Expanding School-Based Health Centers
By Mary Wakefield, Administrator Health Resources and Services Administration
Children spend a large part of their day in school, so school-based health centers are a perfect place to provide vital health care services that will keep them healthy and ready to learn. Every day, thousands of children with acute or chronic illnesses are able to attend school because the care they need is available on-site. Nearly, 2000 of these clinics are in communities all over the country. Many are open every school day and staffed by a team of health providers who work closely with school health officials and other local service providers.
Earlier today, I announced more than $14 million to help 45 school-based health center programs continue to expand preventive and primary health care services by building new facilities and modernizing current sites. These 45 clinics are already providing much-needed health care services to around 112,000 children. This new infusion of funds will allow them to treat some 53,000 more children across 29 states.
Services at these clinics generally focus on prevention and early intervention activities, such as primary care, mental health, oral health, and nutrition education. Decisions about what services to offer are made locally among the families and students, the community, the school district, and the health providers.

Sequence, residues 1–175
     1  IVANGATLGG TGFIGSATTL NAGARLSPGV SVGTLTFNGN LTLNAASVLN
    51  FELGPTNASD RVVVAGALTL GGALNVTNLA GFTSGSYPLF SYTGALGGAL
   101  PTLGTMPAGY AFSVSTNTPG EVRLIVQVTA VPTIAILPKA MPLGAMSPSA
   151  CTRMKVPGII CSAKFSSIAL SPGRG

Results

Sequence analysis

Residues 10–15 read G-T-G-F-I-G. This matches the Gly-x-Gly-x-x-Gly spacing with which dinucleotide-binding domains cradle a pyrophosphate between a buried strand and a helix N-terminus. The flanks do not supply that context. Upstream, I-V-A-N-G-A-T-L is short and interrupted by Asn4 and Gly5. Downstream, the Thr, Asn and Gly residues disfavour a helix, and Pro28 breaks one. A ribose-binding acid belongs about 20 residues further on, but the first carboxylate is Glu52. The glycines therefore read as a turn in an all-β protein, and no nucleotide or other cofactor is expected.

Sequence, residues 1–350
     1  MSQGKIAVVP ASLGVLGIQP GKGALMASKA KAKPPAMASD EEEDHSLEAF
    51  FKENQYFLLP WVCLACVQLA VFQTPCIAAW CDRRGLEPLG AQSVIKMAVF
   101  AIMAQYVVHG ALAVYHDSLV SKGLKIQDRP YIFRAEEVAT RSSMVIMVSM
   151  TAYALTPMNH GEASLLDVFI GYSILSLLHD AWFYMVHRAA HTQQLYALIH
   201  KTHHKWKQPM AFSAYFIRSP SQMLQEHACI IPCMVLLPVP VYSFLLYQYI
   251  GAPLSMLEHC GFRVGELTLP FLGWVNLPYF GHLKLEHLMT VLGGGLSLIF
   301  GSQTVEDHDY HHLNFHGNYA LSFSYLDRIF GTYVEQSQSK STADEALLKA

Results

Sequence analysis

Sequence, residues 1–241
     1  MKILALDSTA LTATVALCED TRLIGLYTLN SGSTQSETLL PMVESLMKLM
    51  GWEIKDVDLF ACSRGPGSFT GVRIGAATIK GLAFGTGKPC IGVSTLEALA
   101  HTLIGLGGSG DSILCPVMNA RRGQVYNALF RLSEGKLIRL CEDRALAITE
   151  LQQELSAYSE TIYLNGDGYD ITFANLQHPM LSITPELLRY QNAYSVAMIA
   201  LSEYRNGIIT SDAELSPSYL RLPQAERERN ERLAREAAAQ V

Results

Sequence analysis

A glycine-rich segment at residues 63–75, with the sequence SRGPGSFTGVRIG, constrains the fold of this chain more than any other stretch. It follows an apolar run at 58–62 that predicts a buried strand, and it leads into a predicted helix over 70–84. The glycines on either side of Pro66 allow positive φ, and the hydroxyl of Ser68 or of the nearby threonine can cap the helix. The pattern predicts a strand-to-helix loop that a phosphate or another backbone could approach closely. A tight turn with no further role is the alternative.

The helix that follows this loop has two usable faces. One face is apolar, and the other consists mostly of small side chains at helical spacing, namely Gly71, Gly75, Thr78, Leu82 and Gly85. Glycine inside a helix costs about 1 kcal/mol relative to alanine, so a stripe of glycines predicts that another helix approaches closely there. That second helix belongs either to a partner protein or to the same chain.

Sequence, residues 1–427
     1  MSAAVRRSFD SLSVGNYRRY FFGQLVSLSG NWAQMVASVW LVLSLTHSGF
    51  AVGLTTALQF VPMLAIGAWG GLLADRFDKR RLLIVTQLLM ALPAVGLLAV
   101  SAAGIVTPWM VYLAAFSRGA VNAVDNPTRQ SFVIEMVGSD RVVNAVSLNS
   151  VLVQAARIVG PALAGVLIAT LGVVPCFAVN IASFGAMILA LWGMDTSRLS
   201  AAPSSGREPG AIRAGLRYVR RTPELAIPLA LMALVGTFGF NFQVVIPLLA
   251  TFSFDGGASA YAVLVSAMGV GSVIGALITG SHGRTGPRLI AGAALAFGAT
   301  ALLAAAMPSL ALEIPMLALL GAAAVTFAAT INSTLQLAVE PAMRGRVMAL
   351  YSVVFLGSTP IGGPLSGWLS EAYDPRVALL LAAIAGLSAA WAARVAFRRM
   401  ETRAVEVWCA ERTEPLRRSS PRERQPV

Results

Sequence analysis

For example, the King Middle School in Portland, Maine is currently using a remodeled custodial closet as its school-based health center. With new resources, the center will have two clinical rooms and one of the clinical rooms-- the dental room-- will double as the mental health room. With this grant award, they will be able to serve approximately 1,350 students in a newly renovated space that will more the double its current size.
The Jonesville Elementary School in Jonesville, LA will use its funds to construct a modular unit that will consist of two medical exam rooms, a clinical reception area, administrative offices, and a conference area. Also included will be two dental offices. The modular unit will incorporate green sustainable design considerations, including many energy efficient components. When it’s done, more than 3,500 students will have access to quality health care while they are in school.
These were just the kinds of activities that the Affordable Care Act intended to support with the $200 million in funding it provides over four years for construction, renovation and equipment needs at school-based clinics.
Today’s investment builds on the $95 million announced in July by HHS Secretary Sebelius and Education Secretary Duncan to 278 school-based health center programs to create new sites and to expand preventive and primary health care services at existing school-based health center sites nationwide.
We are proud to support school-based health centers because they are such an important part of the Nation’s health care safety net. With these clinics, we can expand preventive and primary care and help our children grow healthy and strong.
To learn more about the program, visit www.bphc.hrsa.gov.